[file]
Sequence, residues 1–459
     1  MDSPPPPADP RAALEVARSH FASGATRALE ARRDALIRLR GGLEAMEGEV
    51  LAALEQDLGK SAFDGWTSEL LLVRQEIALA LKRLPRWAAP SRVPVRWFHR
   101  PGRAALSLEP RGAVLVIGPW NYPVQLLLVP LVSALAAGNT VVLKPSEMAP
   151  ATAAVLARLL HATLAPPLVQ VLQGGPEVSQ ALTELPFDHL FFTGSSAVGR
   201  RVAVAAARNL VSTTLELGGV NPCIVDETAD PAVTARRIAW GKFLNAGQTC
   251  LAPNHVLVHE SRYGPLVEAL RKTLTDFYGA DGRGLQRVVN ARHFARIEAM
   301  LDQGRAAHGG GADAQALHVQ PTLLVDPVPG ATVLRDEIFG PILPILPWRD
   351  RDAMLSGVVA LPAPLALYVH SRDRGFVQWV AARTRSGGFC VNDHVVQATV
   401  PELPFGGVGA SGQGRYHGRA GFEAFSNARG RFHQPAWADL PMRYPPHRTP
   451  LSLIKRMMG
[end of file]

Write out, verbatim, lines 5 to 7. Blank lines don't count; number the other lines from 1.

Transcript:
   151  ATAAVLARLL HATLAPPLVQ VLQGGPEVSQ ALTELPFDHL FFTGSSAVGR
   201  RVAVAAARNL VSTTLELGGV NPCIVDETAD PAVTARRIAW GKFLNAGQTC
   251  LAPNHVLVHE SRYGPLVEAL RKTLTDFYGA DGRGLQRVVN ARHFARIEAM